MS – One Mum’s Inspiring Story
When I wrote my first blog post a little over a year ago I had no idea of the world that blogging would open me up to. One thing that stands out the most though is the people I have met along the way. People who have inspired me and opened my eyes up to things I would have previously missed.
I met one such lady just last week. A lady I have known to smile at on the school run for several years now. A lady who is a mum, just like me. A mum doing the school run day in, day out. A mum who has two beautiful little girls……………………. but that was as far as my knowledge of her went.
All of that changed last week though. She called my name as I was leaving school and walked alongside me opening up to me about something very personal. Something that must have taken a lot of guts for her to approach me about.
Last week I learnt that not only does this lady, who I now know as Amy, do all the mum duties that the rest of us do, she does it whilst living under the shadow of Multiple Sclerosis, a neurological condition that affects the nerves in the brain and spinal cord.
Amy asked me to share her story with my blog readers as over 100,000 people in the UK have MS and it is nearly three times more common in women and men. Here is Amy’s story in her words…………….
“I was diagnosed with relapsing remitting MS nearly three years ago after I developed double vision over a few hours one Thursday morning. I’d had pins and needles in my arms and legs, and other odd sensory problems on and off for about 18 months before hand but the doctors put it down to ‘sensitive nerves’ and I wasn’t too worried. One asked if I was ‘often anxious’ when I reeled out my long list of minor issues, ‘yes’ I replied ‘but not about my health’, I’d never been ill before. When I got double vision I knew something was seriously wrong, my GP saw me the next day and referred me to a neurologist. It took nearly two months for my vision to return to normal during which time I wasn’t able to drive (quite a challenge with after school clubs) and felt tired and pretty miserable. Picking up my daughter from preschool one day and seeing two of her race towards me, not knowing whether I would be able to catch the right one is something that will always stay with me. Parents’ evening was memorable too, as the teacher I saw had three eyes two noses and one very long mouth! I had some very bizarre moments during those months as my brain struggled to reconcile the two images it saw.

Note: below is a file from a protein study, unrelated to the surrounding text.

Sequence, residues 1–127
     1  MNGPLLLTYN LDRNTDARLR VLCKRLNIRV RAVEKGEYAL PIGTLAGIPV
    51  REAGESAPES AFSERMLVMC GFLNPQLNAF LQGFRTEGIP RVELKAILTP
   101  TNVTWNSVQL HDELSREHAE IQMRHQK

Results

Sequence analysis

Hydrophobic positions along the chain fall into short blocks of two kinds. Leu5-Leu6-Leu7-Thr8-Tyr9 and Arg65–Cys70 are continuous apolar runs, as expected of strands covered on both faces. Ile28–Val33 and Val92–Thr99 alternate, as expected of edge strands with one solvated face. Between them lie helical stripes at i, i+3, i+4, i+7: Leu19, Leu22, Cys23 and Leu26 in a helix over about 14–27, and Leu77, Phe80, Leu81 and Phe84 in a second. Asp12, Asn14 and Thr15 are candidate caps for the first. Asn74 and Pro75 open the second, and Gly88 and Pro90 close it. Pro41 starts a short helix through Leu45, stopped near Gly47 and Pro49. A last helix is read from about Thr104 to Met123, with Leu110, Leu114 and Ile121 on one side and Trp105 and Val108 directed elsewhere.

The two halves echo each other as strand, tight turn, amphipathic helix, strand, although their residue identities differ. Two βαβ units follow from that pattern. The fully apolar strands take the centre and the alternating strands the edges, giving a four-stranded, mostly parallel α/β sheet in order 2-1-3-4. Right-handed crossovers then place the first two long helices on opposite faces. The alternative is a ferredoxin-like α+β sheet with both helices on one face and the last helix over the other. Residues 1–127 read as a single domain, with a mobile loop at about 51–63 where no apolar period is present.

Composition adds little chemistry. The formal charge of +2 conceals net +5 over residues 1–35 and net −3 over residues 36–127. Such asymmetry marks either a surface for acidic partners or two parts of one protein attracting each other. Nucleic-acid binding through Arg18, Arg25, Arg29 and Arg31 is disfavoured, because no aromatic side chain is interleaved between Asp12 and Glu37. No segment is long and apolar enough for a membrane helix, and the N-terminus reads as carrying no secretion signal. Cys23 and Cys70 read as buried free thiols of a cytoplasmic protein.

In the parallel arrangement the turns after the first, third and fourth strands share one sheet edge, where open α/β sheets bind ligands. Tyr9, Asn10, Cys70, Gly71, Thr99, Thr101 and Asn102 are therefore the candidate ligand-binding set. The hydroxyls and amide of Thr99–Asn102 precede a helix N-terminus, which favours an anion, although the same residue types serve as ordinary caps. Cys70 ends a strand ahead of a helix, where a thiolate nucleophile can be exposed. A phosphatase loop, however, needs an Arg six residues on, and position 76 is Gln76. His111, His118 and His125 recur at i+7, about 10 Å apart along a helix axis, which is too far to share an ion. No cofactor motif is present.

Since my diagnosis, I have been incredibly lucky and I haven’t had another significant relapse. Slowly I have started coming to terms with my condition and the uncertainty of life with MS. I don’t know when my next relapse will come, what it will be or how long it will take me to recover. All our lives are uncertain really though -no one knows what’s round the corner – MS has just made me more aware of this fact and made me determined to enjoy my life and try to make the most it. When I was diagnosed I made a list of three things I wanted to do: 1) Run the London marathon, 2) Write a book and 3) Travel to China. I am starting with number 1 and want to raise as much money as I possible can for the MS society in the process.”
At the moment, there is no cure for MS but there is a wide range of possible treatments. Some of the most common symptoms around the time of diagnosis are fatigue (a kind of exhaustion which is out of all proportion to the task undertaken), stumbling more than before, unusual feelings in the skin (such as pins and needles or numbness), slowed thinking or problems with eyesight. All these symptoms can be symptoms of other conditions so it is important to see a health professional to get the correct diagnosis.
We all face challenges in our everyday lives. Some people, like Amy, face even bigger challenges than we can begin to imagine. Amy’s attitude to her MS is inspirational and humbling. Instead of letting MS get the better of her she is seeing it as something that will motivate her to make the best of her life. I admire the fact that upon receiving her diagnosis she wrote a list of things that she wanted to achieve in her life. I have seen my husband through no less than six marathons and I know only too well the determination and hard work that it takes. I have the upmost respect for Amy taking on this challenge and proving to herself that she can do it. If you would like to show your support for Amy and raise money for the MS society you can find Amy’s just giving page here.
Amy has reminded me that there is so much more to everyone than meets the eye. We all have a story to tell, we often just don’t get to know someone well enough to hear it. I feel honoured that Amy chose to share her story with me and that I am now able to share it with you.
Thank you Amy x
(Disclaimer – All of the views expressed here are of mine and Amy’s personal experience. If you would like further information on MS, please visit the MS Trust website.)